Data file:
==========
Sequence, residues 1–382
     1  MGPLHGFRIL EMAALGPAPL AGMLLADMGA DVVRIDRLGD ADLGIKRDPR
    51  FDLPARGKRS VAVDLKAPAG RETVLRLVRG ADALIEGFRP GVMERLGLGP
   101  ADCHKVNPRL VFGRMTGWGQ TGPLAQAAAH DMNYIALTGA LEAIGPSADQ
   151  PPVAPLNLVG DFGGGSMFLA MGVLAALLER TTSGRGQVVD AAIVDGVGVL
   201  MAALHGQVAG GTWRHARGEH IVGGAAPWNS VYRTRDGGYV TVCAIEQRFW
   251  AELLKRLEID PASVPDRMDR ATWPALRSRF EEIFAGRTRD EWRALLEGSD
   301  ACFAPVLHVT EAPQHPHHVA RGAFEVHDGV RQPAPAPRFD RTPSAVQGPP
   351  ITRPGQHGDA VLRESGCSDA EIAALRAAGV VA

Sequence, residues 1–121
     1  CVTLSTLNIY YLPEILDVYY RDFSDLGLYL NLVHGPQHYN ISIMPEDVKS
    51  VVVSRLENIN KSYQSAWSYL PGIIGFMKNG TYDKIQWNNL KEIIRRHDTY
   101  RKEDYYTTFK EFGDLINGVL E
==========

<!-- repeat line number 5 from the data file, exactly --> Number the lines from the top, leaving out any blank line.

   151  PPVAPLNLVG DFGGGSMFLA MGVLAALLER TTSGRGQVVD AAIVDGVGVL